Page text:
1Article from Paul Slezak

One of the first questions I ask any candidate during an interview is “what are you really looking for in your next role?”.

Think carefully for a moment about how you would answer this particular question. Your response can really determine what direction the interview takes.

I remember interviewing Shelly a long time ago, and her response was “I don’t know exactly what I’m looking for; but I definitely know what I’m not looking for”.

We then spent quite a bit of time drilling down and fleshing this out until I really understood where she was coming from.

I know many candidates who would be feeling exactly the same as Shelly but who are perhaps too scared to admit it. Instead they make up a clichéd answer incorporating “challenge, more accountability or management responsibility”.

Clichéd answers are of no help to recruiters.

Then there’s my question “why are you really sitting in front of me today?” Again, have a think about how you would respond if a recruiter asked you that.

I’ve been asking this question quite a bit over the last few weeks and one particular candidate’s reaction reminded me of Shelly’s response all those years ago.

Karl said, ‘I’m uncomfortably comfortable”.

Don’t worry, I needed a few seconds to process his answer too, but I could understand exactly where he was coming from.

He’s been in his role for a few years now. He knows he’s good at it. His boss knows he’s good at it. And despite having seen several of his colleagues unfortunately let go since the beginning of the year, he knows his job is safe.

“And for some bizarre reason that’s my problem”, he continued.

What was actually bothering Karl was that he felt he almost felt he no longer needed to deliver superior results, that he was “spending too long on cruise control”, and that his “ambitious streak was dwindling”.

The thing that really impressed me was that he was not only clearly aware of this, but he was actually willing to admit it and take the steps to do something about it.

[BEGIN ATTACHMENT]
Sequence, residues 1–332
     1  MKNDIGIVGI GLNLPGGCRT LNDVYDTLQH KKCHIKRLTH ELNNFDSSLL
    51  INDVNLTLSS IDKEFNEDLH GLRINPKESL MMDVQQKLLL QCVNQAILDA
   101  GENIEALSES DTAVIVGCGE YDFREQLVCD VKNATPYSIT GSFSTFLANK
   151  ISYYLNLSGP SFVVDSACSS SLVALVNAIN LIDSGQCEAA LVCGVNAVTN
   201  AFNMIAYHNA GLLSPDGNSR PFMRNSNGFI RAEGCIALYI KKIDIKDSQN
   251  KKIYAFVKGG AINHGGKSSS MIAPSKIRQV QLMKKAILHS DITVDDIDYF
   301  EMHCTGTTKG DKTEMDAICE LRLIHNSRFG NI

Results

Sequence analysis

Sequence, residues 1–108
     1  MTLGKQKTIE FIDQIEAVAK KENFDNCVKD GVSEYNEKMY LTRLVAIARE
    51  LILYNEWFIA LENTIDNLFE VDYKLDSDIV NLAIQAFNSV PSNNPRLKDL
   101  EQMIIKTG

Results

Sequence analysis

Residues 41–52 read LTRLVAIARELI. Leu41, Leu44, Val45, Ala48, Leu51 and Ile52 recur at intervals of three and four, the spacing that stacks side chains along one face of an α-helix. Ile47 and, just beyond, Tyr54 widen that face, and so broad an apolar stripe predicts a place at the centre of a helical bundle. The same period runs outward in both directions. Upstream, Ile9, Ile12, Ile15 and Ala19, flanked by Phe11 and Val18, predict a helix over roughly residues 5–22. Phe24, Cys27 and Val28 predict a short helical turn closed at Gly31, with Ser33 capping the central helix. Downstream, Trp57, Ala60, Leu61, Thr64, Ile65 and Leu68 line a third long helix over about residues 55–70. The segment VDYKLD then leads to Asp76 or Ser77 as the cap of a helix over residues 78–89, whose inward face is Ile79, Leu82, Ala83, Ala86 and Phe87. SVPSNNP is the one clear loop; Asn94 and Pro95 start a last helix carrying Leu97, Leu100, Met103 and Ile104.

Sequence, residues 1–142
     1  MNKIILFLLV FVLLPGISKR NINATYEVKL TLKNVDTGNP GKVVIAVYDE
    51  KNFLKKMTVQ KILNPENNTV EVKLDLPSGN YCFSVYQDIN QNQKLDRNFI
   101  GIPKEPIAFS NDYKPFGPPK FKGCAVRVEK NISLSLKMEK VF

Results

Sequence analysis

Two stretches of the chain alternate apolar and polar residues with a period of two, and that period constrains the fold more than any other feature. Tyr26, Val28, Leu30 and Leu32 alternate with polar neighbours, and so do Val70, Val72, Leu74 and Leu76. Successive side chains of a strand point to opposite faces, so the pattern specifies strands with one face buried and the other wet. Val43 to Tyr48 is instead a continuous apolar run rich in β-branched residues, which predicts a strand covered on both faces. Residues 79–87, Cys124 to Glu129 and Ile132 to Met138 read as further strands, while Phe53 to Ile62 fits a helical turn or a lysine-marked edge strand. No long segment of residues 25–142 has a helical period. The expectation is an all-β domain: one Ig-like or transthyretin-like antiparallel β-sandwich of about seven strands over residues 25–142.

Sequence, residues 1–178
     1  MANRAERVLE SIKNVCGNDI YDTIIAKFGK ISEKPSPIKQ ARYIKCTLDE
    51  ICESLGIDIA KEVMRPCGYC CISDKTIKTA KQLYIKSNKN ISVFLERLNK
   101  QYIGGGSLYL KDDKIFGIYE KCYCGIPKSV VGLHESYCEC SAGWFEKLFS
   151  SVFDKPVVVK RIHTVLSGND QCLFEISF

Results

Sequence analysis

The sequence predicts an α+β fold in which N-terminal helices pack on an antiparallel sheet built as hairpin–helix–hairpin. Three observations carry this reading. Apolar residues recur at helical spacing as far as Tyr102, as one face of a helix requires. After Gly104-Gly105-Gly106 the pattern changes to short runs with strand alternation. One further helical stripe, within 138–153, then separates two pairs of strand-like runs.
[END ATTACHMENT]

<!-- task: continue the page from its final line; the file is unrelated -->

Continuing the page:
Staying within one’s comfort zone can obviously make you feel safe for a while. But if you genuinely need to be challenged or kept on your toes, “comfortable” can become quite a dangerous place from a career perspective.

If, like Karl, you might be feeling concerned that you’re losing motivation because your job has become completely stress-free or predictable, then you need to do something about it.

It’s certainly not a matter of jumping ship – after all that could make you feel very uncomfortable very quickly.

If “comfortable” is no longer enough, and you need more responsibility, additional projects, and you want to be stretched, you need to speak to your manager as soon as possible. Your upcoming mid-year (or annual) performance review is the perfect forum in which to raise this.

If you keep quiet about it, you’ll start to lose interest and that’s not a good thing either. If you make them aware of how you’re feeling and they can’t help you, then at least you know you’ve got some serious thinking to do.

About The Author : Paul Slezak has an extensive background in recruitment and advertising both locally and internationally. He is the founder of 2 dots (www.2dots.com.au) – a boutique business that facilitates career or business change for individuals, teams and organisations.

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